‘I wanted to be the Ansel Adams of color’

Jim Brockman lives in Fairfield. CONTRIBUTED
Jim Brockman lives in Fairfield. CONTRIBUTED

Jim Brockman of Fairfield to open photo exhibit.

A modern-day Ansel Adams in the Tri-State is not only photographing his own innovative images but also is passing his knowledge on to generations of students, including his own son, son-in-law and grandson.

“I said many years ago that I wanted to be the Ansel Adams of color. He shot a lot of black and white. I think, possibly, I have surpassed him. And, I wish he was alive today, he would love the digital cameras, because you can do so much with them,” said photographer Jim Brockman.

Brockman, 80, a longtime Fairfield resident, will present a photo exhibition of his work, “Working Inside the Box,” at Miami’s Voice of America’s Learning Center in West Chester from April 2-May 17. The exhibition will open with a free, public reception on Sunday, April 2 from 2 p.m. to 4 p.m.

Brockman, a Russell Springs, Kentucky native, will also celebrate his 81st birthday on April 3. We spent time with Mr. Brockman at his home studio to find out more about his breathtaking work and his motivation for teaching students.

“From the time I was 12 or 13 years old, I knew I wanted to be an artist of some kind, so I started painting. I would have really been a good artist that way, but once I bought a camera, it sold me right there,” Brockman said.

I would be going down south, I’d see an old barn, and I thought, I need to shoot a picture of that so I can paint it later, he said.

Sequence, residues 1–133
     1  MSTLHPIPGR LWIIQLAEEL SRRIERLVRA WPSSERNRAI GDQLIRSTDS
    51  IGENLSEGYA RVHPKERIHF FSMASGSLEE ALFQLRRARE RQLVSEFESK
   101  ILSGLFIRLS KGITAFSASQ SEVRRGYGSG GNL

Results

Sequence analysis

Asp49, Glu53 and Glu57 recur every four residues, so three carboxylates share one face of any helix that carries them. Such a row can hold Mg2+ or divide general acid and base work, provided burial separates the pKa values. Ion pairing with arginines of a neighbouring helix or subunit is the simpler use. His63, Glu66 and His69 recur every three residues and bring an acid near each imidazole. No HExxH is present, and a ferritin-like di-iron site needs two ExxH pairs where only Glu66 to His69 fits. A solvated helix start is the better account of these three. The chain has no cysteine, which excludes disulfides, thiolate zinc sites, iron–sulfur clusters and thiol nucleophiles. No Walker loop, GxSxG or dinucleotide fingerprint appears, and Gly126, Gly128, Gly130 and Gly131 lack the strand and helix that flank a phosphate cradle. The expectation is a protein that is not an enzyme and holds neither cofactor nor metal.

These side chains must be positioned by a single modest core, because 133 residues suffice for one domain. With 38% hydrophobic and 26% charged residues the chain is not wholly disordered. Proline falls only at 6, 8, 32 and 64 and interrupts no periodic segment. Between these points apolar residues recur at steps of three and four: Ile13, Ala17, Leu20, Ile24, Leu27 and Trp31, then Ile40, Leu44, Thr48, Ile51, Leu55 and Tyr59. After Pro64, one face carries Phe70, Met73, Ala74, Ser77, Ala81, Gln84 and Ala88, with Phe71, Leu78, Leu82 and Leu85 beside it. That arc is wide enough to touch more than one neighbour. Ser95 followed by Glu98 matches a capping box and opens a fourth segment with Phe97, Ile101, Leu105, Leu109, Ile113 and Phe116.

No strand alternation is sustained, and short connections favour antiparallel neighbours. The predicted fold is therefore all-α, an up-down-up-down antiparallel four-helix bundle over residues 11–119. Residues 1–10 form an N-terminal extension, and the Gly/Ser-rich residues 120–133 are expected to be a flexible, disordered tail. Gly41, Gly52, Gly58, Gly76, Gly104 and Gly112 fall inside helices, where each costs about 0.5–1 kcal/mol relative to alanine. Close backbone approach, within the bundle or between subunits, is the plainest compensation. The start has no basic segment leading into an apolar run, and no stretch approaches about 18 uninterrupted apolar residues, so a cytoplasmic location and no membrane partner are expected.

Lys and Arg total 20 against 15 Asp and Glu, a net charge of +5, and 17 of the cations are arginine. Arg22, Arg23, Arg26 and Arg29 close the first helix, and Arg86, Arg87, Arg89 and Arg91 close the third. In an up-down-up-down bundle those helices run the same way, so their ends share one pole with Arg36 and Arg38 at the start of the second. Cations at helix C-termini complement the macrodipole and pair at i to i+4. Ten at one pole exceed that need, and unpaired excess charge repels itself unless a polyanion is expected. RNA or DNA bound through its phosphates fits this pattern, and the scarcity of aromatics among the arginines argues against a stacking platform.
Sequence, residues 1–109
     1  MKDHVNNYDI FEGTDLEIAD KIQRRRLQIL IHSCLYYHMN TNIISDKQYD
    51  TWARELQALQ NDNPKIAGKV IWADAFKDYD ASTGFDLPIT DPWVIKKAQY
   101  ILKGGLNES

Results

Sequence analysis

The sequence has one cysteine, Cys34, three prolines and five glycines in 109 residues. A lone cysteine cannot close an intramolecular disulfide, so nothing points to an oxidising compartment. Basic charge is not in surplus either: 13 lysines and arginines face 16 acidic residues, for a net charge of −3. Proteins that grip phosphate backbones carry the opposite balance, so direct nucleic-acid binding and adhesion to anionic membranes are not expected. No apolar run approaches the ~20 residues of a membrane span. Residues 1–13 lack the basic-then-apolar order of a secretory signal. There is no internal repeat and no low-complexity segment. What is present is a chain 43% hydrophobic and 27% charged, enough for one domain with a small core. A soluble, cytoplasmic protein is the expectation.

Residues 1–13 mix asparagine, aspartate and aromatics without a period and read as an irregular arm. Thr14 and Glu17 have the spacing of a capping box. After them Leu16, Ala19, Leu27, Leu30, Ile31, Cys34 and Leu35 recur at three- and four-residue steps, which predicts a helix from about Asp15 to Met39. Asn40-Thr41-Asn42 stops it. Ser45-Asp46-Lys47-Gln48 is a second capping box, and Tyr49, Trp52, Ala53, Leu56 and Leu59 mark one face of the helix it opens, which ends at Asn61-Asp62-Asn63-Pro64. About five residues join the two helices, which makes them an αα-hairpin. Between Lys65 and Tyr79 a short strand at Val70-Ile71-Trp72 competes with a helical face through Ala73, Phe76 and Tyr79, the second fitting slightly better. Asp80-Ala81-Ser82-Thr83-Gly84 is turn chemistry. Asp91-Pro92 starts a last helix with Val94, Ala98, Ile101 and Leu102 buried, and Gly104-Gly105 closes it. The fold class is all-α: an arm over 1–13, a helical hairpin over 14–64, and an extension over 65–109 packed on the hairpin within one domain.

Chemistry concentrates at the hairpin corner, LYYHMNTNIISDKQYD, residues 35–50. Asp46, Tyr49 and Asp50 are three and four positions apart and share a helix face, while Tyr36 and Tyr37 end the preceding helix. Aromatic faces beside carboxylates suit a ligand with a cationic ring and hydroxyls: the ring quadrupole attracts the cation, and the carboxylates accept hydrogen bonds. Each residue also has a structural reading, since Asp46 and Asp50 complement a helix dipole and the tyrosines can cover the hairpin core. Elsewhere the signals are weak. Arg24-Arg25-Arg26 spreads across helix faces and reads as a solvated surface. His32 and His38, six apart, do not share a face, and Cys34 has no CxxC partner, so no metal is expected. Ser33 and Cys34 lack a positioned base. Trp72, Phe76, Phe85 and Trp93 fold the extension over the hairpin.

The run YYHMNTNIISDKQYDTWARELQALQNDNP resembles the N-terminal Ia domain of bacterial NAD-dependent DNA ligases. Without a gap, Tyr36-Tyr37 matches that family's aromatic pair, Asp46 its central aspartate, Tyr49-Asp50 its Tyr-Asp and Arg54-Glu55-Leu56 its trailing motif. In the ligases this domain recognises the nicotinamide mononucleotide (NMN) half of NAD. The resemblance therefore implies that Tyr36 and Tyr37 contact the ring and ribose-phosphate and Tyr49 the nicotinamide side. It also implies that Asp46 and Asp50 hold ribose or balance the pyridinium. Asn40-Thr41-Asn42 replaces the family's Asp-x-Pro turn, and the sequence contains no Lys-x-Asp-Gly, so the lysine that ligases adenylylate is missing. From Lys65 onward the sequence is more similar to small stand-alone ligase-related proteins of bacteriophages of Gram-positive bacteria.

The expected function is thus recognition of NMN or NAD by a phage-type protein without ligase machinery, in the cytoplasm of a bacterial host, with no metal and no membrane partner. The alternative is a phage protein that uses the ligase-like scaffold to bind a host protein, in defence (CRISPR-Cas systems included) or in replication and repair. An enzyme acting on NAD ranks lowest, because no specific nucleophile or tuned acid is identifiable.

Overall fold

Brockman still owns his first camera, which was a used, Agfa Karat 36 that he bought in 1960. Today, his camera of choice is Canon’s EOS 5DS DSLR, a 50-megapixal, digital camera.

“I got serious about photography in 1974. When my wife and I were dating, we were on our way to the Smoky Mountains. I was driving a Cadillac and my transmission went out on the bridge. I had it towed in, and I went to Jack’s Camera downtown, and I bought a Hasselblad camera. I gave five hundred dollars for one that was 15 years old,” Brockman said.

Brockman, now a seasoned photographer, has a collection of over 50,000 of his “favorite” images that he has catalogued and preserved. He continues to add to the growing number. His digital images are captured within the camera, in the moment, without computer enhancements or post-production editing. He enjoys taking photos of City of Cincinnati landmarks, at local parks and Spring Grove Cemetery.

There are about 38 different images in the exhibition. In addition to his own work as a photographer, Brockman has been teaching photography to groups and individuals for over 35 years. He started teaching photography in 1981. His work has been previously exhibited at venues throughout Greater Cincinnati, including Vionklet Winery and the Fairfield Community Arts Center.

“Teaching is what has made me so good. For 33 years, I was teaching five nights a week, every week, right here. I had to stay ahead of all the students,” he said.

Early on, Brockman worked at General Electric for 37 years as an instrumentation mechanic, and during that time, he spent 18 years as a professional wedding and portrait photographer as well as serving as a photographer for Lockland City Schools. He has been retired from General Electric for 25 years.

Contact this contributing writer at gmwriteon@aol.com.

How to go

What: "Working Inside the Box," an exhibition of photography by Jim Brockman

Where: Miami University Voice of America Learning Center, 7847 VOA Park Drive, West Chester

When: Opening reception will be held from 2-4 p.m. Sunday, April 2. "Working Inside the Box" will be on display at the Voice of America Learning Center from April 2-May 17. The exhibition may be viewed from 9 a.m.-9 p.m. Monday through Thursday and 9 a.m.-4 p.m. Fridays.

Cost: Free

More info: Call (513) 895-8862 or email VOALC@MiamiOH.edu.

In Other News